in performance: warren haynes

warren haynes, photo by danny clinch.

warren haynes. photo by danny clinch.

Warren Haynes wasn’t much for words last night at the Lexington Opera House. But prior to the last number of a stylistically restless two and a half hour performance, he told a story about his one and only experience playing the Grand Ole Opry. The recollection tied into a finale version of Two of a Kind (Working on a Full House), a 1991 charttopping hit for Garth Brooks. Haynes explained how a befuddled Nashville fan asked him why he was playing “a Garth song.” The guitarist’s reply was succinct. “Because I wrote it.” Then came the footnote explaining why the 1987 tune was being resurrected on Haynes’ current tour.

“So we can do it a little differently.”

With that, what was once a dose of pop-savvy honky tonk morphed into a blues romp with Haynes’ sweaty guitar lines leading a loose, rootsy charge. That was essentially the game plan for the entire evening. Haynes utilized a progressive Nashville string troupe called ChessBoxer for a largely acoustic/Americana backdrop. To that he added drummer Jeff Sipe, a wildly resourceful veteran of numerous jam bands (the Aquarium Rescue Unit being perhaps the most noted) who provided a flexible and often jazz-like sensibility to the music. Then there was Haynes himself, a solidly electric player who shifted gears regularly according the emotive and stylistic whims of the material.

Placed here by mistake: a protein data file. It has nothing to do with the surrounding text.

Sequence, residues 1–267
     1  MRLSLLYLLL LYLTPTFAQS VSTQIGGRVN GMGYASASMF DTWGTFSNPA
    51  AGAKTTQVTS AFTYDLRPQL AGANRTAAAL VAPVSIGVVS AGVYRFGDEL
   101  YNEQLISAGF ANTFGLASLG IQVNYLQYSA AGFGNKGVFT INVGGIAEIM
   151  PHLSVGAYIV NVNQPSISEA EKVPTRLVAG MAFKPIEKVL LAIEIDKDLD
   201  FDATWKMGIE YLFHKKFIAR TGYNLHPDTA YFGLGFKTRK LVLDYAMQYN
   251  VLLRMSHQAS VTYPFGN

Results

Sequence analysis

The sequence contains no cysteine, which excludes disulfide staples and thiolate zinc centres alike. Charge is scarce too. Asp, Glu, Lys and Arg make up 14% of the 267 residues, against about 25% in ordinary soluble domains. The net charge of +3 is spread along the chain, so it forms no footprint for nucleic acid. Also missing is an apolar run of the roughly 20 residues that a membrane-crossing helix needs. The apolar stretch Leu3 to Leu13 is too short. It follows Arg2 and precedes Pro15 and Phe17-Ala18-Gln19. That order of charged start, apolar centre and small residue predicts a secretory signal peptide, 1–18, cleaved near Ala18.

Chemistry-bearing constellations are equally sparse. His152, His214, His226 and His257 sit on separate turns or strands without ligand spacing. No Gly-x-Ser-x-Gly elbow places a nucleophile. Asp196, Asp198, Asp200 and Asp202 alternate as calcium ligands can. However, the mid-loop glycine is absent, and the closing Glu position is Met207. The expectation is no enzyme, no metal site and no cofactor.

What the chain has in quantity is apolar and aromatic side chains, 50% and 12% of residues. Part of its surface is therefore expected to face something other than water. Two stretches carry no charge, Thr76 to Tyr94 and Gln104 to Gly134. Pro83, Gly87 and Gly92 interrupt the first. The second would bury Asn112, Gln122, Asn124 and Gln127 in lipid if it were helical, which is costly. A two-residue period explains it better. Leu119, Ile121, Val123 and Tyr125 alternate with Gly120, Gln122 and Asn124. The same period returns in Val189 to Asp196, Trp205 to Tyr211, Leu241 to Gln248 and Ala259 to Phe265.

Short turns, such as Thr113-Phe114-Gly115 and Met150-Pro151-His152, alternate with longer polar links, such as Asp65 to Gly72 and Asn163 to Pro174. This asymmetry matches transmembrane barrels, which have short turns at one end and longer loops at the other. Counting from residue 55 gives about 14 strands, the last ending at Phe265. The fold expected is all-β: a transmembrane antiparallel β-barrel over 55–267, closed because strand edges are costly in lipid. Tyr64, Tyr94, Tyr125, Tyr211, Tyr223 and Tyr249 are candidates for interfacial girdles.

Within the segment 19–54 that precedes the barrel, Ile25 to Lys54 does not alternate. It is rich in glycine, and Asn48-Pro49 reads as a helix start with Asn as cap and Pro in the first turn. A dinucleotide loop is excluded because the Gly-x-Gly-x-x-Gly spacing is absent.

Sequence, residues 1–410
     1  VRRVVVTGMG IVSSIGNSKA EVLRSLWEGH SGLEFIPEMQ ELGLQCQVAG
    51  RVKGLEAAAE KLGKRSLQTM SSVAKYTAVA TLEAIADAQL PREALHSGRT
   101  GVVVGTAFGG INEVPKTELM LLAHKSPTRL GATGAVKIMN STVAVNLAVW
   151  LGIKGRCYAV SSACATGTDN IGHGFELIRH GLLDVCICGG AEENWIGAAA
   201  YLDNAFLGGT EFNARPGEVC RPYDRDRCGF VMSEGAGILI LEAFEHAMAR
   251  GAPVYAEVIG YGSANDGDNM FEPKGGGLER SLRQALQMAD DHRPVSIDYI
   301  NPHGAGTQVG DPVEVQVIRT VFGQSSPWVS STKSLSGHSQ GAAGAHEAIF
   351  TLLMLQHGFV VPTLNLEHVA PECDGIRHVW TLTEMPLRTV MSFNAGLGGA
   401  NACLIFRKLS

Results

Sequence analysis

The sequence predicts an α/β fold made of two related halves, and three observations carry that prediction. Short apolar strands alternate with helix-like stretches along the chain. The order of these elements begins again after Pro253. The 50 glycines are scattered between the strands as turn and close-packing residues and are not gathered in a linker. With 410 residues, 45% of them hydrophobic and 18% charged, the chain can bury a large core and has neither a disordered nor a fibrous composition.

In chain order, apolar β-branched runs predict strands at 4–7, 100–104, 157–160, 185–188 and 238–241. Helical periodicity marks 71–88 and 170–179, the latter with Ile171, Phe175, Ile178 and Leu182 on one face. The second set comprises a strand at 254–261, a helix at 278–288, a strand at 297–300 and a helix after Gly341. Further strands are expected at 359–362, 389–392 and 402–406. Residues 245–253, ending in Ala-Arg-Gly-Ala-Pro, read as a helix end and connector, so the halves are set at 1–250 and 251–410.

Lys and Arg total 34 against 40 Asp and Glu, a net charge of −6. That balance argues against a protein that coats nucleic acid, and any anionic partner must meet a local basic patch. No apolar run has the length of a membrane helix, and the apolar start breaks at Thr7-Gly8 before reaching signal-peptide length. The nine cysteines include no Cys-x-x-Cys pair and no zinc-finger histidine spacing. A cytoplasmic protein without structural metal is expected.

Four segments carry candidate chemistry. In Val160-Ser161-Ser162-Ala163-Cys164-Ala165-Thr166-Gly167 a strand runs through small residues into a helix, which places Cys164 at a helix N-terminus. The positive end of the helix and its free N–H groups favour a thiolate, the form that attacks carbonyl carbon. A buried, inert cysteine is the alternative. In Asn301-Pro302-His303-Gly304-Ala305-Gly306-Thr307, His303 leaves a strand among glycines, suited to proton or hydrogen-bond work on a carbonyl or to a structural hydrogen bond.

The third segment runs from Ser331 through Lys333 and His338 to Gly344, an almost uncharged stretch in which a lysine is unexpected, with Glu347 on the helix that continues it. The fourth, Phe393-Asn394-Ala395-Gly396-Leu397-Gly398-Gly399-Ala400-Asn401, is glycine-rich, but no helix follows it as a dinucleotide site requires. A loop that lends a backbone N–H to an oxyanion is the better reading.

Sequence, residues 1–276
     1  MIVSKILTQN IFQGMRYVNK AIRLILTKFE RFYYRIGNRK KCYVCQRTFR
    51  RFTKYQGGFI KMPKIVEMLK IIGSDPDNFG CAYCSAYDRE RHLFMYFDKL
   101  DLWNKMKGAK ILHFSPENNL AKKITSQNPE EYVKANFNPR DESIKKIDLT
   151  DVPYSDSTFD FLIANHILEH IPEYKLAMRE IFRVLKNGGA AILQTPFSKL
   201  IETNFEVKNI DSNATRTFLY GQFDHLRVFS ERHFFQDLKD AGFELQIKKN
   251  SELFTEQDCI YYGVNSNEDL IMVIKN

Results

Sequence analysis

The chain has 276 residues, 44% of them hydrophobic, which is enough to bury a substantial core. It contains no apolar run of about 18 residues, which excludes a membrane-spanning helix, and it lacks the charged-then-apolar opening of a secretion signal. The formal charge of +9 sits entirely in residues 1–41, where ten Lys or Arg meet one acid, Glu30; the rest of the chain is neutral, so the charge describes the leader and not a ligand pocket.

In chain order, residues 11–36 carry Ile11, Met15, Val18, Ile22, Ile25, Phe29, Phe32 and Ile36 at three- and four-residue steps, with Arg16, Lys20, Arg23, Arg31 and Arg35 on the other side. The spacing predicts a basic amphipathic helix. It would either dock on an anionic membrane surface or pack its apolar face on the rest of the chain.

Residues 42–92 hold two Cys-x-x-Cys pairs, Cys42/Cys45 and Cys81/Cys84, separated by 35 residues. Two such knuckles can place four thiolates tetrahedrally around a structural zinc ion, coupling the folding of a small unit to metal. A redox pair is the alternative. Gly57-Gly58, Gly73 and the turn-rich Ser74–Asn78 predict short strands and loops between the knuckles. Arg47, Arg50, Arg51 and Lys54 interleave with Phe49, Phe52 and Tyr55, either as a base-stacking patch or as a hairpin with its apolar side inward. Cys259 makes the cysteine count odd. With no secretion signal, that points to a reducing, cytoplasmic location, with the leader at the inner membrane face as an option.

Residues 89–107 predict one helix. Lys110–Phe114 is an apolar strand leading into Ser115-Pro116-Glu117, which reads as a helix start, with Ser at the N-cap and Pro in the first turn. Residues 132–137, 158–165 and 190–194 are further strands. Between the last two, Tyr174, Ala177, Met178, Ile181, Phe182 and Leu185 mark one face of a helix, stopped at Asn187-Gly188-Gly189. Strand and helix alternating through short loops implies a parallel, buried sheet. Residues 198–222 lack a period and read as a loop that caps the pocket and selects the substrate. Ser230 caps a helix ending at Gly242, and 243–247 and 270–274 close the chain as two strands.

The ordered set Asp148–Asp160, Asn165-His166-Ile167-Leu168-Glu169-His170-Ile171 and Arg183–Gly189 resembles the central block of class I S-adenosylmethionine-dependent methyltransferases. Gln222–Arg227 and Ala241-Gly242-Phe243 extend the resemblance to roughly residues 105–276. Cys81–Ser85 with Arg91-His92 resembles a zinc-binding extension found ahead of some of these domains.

That proved to be an unending task. While Haynes is still touring in support of his fine 2015 solo album, Ashes & Dust, the concert was a essentially a career retrospective covering favorites and obscurities from his lengthy tenures in the Allman Brothers Band (Blue Sky, a revamped Jessica and a wonderful, swing-savvy Instrumental Illness that revolved as much around Royal Massat’s rolling bass lines as Haynes’ leads), his own guitar rich Gov’t Mule band (the mournful odes Banks of the Deep End and No Consolation), the Grateful Dead spinoff unit Phil Lesh and Friends (the Jerry Garcia remembrance Patchwork Quilt) and a few choice covers (a riotous groove-savvy take on Little Feat’s Skin it Back, a suitably cryptic view of Radiohead’s Karma Police and a harmony-heavy encore of the spiritual Angel Band that bled into a slower, more solemn recasting of the Haynes favorite Soulshine). The Ashes & Dust material, however, certainly set the stage for such time tripping, from Sipe’s jazzy underpinning and Haynes’ hearty slide guitar colors during the show opening Is It Me or You to the coal mining requiem Coal Tattoo that hammered down the often spacious fusion runs by the full company into sheets of sobering, earthy cool.

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